Rachel ‘Rae’ Egglestone – Evans is the Editor of Vintage Life Magazine and as it says on their website, “this super glam magazine is full of vintage style.” It has been a Tootsie staple from the early days, giving us inspiration and an insight into other vintage lovers lives from all over the UK (and now all over the world). We were lucky enough to bump into Rachel a few years ago at Twinwood Festival. We hit it off straight away. Compelled by her passion, determination & shared sense of fun we have been firm friends since. We were thrilled to be asked to come onboard ‘The Vintage Life Team’ as Music Columnists and it has been incredible to see Vintage Life Magazine soar in popularity and distribution. However, with Rachel at the helm we always knew that it would.
We’re delighted to to have her as our first interview in our series of #tootsieleadingladies blogs.
What route did you take to become VL Editor?
I set up my publishing company in 2004 and launched a number of successful titles, but I wanted to create something that was a reflection of the Vintage-loving me. It literally hit me in the face Vintage Life! That’s what I’m all about, so why not do a magazine that’s second nature to me? After months of industry research, building contacts, etc., Vintage Life was born. Being the Editor was actually the last thing I wanted to do I was happy making tea! 😉
What did you think you wanted to be ‘when you grew up’ as a child?
A countess, a dark mysterious one. Wait… No, I actually wanted to be a heart surgeon (even though I hated science at school)! But before that a forensic scientist…(I still hated science though). You know, simple jobs. Heck, what was I thinking, I hate bones and veins! I also went through a phase of wanting to be a Naval Officer and that was something I was seriously planning. I began looking into the OTC (Officers’ Training Corps) while at uni and was all set up to start, when I was taken seriously ill and had heart surgery so that blew the Naval career out of the water and also put me off being a heart surgeon! Looks like I need to work on being a Countess!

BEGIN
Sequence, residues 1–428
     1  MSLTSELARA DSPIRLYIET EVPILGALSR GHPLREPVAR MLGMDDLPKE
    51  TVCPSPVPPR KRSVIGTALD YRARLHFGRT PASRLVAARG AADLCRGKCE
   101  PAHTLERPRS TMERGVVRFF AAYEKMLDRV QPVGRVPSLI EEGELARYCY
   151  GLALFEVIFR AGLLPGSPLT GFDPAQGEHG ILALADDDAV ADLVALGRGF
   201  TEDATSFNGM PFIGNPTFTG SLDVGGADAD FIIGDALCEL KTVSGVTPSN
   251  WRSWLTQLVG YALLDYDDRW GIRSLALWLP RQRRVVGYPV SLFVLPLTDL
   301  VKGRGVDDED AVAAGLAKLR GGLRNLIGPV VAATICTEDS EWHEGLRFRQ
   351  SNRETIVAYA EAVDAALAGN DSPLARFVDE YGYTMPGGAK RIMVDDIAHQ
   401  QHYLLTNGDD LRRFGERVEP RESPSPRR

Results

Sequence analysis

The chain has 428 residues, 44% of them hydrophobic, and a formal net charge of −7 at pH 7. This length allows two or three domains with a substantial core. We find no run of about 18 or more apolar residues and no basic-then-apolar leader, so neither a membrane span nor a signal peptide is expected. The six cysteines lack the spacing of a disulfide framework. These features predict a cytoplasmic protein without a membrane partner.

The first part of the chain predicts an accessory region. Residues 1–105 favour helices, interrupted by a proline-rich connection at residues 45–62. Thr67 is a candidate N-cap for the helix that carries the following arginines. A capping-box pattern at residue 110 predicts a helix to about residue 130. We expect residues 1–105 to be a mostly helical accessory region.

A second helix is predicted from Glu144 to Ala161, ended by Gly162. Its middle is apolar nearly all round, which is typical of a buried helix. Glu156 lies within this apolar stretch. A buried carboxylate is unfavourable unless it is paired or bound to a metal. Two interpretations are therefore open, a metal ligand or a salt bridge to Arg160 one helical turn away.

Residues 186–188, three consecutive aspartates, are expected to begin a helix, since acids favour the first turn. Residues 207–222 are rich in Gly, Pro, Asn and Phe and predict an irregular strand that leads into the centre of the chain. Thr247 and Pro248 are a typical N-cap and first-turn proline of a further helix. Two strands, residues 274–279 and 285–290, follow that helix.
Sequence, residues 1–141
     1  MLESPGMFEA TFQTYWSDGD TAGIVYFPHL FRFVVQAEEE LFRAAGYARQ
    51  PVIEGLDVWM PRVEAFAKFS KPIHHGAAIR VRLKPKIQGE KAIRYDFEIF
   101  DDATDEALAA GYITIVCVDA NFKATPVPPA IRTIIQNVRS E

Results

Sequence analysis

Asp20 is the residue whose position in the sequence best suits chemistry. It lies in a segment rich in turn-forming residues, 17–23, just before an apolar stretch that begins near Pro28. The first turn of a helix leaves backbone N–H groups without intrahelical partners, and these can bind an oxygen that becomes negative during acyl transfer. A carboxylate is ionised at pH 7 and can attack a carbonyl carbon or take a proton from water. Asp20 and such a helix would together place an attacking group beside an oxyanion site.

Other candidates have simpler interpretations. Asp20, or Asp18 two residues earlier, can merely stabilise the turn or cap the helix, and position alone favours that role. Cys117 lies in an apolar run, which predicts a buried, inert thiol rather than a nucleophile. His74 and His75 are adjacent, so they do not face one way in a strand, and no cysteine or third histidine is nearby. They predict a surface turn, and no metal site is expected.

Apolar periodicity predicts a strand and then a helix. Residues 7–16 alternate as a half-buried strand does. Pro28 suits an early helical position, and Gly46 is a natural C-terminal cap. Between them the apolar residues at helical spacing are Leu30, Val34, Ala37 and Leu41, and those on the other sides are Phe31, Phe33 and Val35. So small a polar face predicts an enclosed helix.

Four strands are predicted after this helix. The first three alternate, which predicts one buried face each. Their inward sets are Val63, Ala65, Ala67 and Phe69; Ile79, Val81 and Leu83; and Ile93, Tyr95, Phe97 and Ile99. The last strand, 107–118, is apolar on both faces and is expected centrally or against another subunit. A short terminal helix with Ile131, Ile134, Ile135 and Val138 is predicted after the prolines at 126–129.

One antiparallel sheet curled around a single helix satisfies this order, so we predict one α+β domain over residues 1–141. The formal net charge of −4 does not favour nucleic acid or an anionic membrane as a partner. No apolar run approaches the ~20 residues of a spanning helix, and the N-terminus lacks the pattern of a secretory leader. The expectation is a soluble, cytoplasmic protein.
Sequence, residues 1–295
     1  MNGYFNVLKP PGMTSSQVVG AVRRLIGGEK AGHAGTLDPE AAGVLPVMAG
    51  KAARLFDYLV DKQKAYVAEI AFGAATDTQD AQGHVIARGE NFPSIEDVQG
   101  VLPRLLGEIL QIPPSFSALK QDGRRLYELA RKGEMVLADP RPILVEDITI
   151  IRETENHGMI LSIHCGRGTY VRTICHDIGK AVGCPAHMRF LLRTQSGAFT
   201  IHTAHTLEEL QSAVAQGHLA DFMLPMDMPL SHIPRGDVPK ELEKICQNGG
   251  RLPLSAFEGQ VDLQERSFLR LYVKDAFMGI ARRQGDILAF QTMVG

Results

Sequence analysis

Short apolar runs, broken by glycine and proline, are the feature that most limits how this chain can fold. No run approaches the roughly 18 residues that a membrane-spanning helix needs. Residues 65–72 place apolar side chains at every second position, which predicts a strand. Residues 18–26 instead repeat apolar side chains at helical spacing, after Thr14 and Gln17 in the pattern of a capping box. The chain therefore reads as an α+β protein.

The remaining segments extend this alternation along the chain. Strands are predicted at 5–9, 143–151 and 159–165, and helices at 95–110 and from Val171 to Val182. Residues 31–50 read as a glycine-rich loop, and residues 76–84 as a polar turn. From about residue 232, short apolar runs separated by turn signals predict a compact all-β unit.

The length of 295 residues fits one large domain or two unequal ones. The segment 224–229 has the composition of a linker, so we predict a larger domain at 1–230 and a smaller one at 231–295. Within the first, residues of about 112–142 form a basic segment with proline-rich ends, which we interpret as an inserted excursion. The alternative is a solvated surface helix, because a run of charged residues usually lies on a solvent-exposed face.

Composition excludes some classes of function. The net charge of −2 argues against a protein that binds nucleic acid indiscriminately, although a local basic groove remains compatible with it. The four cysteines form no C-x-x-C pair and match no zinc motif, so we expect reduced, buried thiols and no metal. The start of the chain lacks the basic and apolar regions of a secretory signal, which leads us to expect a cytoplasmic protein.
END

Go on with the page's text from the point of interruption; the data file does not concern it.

Have you had any moments where you thought you might give up? How did you get through them?
I suppose I probably felt like it from time to time, but I knew that giving up was never an option. It’s always hard to start an independent magazine from scratch, but I worked hard and had the support of an amazing team behind me, so we faced any issues together. I never felt alone. When you have a great plan in place, work hard towards it and work through any blips logically, with a cool head, and with your end goal in mind, you can get through whatever is thrown at you. With the addition of gallons of coffee and pretty dresses to distract you from the looming deadlines, of course!
If you could go back in time and give yourself some advice when you were starting out, what would it be?